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The lower back stretches included here range from the very gentle Somatic Pelvic Tilt to gluteal stretches to a combination stretch I've created called the Full-Body Mobilizer.
As you work through the back stretches here I urge you perform the movements slowly and gently.
It's a common myth that lower back stretches or back exercises might need to be a little painful in order for them to be effective.
The "no pain, no gain" mindset is of no use in a therapeutic context. Exercises which are uncomfortable will only serve to aggravate your lower back pain.
Back stretches such at the Somatic Pelvic Tilt are an excellent way to introduce a little movement to the lower back without creating too much strain.
It's a technique I often prescribe for clients experiencing significant pain.
However, it can also be part an excellent daily stretching routine for anyone who wants to improve lumbar mobility.
These back stretches begin to expose the intimate relationship between the lower back and the gluteal muscles.
In this sequence we begin to prepare the gluteal muscles for the deeper stretching routine in Part 2.
This is a much more advanced stretching sequence which intensely isolates the gluteal muscles, especially the gluteus maximus.
It's important to work up to this sequence by making certain that Part 1 can be performed comfortably.
This is a more dynamic and complex movement among the lower back stretches offered by this site.
It’s broken down into two parts. Please make certain you’re able to do Part 1 comfortably before moving on to Part 2.
In fact, if Part 1 feels quite difficult, you may need to stick with The Basic Cat Stretch for a while and perhaps also pursue some lower back treatment.
This is one of the easiest back stretches. Most individuals can perform it quite easily and comfortably.
It’s also a wonderful, simple movement for either first thing in the morning, or last thing at the end of the day.
1) Position yourself on your hands and knees, either on your bed or on the floor.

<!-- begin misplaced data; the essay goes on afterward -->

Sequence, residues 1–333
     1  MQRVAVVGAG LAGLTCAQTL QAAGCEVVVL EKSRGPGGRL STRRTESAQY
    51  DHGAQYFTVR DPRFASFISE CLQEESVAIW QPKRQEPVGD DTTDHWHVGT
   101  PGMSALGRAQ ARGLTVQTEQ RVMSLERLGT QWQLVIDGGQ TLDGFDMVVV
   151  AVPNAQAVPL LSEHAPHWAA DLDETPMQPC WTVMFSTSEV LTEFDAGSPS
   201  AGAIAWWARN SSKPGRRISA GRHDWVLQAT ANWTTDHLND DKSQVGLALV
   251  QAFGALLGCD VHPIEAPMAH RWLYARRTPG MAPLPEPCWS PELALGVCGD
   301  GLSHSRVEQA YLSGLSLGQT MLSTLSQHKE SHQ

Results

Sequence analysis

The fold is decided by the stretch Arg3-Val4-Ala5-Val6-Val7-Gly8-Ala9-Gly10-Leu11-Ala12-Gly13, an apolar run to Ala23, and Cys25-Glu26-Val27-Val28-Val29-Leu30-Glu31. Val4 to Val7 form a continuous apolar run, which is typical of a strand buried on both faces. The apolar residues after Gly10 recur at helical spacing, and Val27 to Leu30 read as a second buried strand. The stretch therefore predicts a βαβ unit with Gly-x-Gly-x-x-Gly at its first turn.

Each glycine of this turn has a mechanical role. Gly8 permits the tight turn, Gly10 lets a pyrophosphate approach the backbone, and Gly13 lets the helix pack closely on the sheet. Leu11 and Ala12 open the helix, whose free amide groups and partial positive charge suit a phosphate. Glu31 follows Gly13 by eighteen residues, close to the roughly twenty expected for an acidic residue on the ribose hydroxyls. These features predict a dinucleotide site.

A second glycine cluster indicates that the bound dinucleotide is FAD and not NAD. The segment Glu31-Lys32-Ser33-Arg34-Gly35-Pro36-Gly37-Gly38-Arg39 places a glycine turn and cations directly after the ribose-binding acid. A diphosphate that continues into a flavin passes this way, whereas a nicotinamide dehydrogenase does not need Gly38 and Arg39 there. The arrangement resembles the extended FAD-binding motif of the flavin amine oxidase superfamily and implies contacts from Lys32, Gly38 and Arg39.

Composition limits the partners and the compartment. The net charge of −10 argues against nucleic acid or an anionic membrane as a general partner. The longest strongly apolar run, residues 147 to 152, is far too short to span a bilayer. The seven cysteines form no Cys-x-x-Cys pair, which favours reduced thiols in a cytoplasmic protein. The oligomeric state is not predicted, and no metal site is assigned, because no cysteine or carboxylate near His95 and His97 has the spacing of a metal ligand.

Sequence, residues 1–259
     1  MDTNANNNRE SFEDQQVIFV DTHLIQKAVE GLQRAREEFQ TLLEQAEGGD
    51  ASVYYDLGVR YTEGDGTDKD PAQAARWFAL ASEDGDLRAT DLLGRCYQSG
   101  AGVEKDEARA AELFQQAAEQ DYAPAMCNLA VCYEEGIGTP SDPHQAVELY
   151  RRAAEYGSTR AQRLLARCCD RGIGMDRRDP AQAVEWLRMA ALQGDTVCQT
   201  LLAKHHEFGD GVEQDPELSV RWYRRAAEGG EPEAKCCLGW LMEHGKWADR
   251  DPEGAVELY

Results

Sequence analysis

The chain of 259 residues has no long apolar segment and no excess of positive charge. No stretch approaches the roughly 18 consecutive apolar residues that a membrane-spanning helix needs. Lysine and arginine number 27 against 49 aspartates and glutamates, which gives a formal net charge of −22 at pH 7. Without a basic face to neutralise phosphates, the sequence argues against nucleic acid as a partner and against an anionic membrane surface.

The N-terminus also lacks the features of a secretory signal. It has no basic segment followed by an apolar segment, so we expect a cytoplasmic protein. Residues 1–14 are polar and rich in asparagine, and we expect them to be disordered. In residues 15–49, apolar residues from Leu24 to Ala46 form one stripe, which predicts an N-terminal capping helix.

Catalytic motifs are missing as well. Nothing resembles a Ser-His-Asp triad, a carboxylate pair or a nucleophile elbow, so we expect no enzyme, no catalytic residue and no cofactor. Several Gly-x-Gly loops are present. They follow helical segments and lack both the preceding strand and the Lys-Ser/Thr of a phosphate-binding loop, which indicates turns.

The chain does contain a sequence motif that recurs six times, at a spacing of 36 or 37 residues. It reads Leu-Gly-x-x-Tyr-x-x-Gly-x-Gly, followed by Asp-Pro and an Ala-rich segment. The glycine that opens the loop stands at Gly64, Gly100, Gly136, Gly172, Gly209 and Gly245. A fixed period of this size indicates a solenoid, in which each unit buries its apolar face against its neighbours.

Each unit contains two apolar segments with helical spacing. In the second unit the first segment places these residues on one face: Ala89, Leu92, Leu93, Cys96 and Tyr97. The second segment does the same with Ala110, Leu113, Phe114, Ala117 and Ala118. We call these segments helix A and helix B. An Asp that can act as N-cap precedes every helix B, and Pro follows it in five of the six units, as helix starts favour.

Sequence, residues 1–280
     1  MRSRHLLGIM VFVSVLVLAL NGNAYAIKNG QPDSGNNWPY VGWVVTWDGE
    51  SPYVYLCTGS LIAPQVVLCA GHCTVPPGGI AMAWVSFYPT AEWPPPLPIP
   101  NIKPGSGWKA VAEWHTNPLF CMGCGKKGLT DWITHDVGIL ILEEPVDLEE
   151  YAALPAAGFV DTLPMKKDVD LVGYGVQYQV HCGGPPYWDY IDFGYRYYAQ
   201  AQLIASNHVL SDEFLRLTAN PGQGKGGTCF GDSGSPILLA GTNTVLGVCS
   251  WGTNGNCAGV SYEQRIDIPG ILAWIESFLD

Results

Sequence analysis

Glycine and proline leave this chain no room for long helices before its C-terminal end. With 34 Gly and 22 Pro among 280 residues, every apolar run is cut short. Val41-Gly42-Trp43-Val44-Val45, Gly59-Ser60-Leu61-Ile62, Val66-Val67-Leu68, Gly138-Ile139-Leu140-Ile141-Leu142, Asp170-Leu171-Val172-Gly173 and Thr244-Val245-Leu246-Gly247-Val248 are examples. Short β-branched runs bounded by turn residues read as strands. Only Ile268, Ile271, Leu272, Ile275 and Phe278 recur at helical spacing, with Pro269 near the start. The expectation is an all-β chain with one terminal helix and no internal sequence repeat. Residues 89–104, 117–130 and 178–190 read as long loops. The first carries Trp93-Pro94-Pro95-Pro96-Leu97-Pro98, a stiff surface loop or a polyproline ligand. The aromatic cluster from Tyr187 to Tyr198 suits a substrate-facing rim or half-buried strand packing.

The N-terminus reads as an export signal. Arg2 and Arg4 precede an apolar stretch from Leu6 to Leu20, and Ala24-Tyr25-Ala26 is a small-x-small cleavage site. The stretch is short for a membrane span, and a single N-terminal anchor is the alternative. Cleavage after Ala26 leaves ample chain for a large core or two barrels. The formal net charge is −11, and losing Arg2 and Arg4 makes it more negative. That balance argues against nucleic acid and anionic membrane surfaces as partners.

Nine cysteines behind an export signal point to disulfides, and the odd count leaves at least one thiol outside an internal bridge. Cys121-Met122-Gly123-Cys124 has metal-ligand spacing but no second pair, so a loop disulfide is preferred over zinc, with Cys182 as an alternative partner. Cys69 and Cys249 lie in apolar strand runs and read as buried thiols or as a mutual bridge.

2) Very slowly, raise your head. As you do this, allow your belly to open downward toward the floor, and your back to fall into an arch. Move only as far as comfortable. Feel a nice stretch.
3) Then stretch your spine in the opposite direction by dropping your head, your chin moving toward your chest, while your back raises toward the ceiling. Move only as far as comfortable. Feel a nice stretch.
4) Repeat this movement back and forth 5-10 times. As you repeat, try to increase you range of motion, little by little.
5) Once the movement feels comfortable, it can be very beneficial to add a coordinated breath...
6) Breathe in as you raise your head and expand your belly toward the floor, arching downward.
7) Breathe out as your chin moves toward your chest, and your back arches toward the ceiling.
8) Repeat this movement with coordinated breathing 5-10 times. As you repeat, try to increase you range of motion, little by little.
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DVD Release in June 2013
Your website is phenomenal! Thanks for helping anyone who might be confused when offered surgery as the only option!
—Carmen from Los Angeles, CA
I tried all of your lower back stretches. They're wonderful!
—Lee from Milwaukee, WI
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—Laverne from Pearl City, Hawaii
Back Pain Relief Self-Treatment DVDs to be released in 2013!
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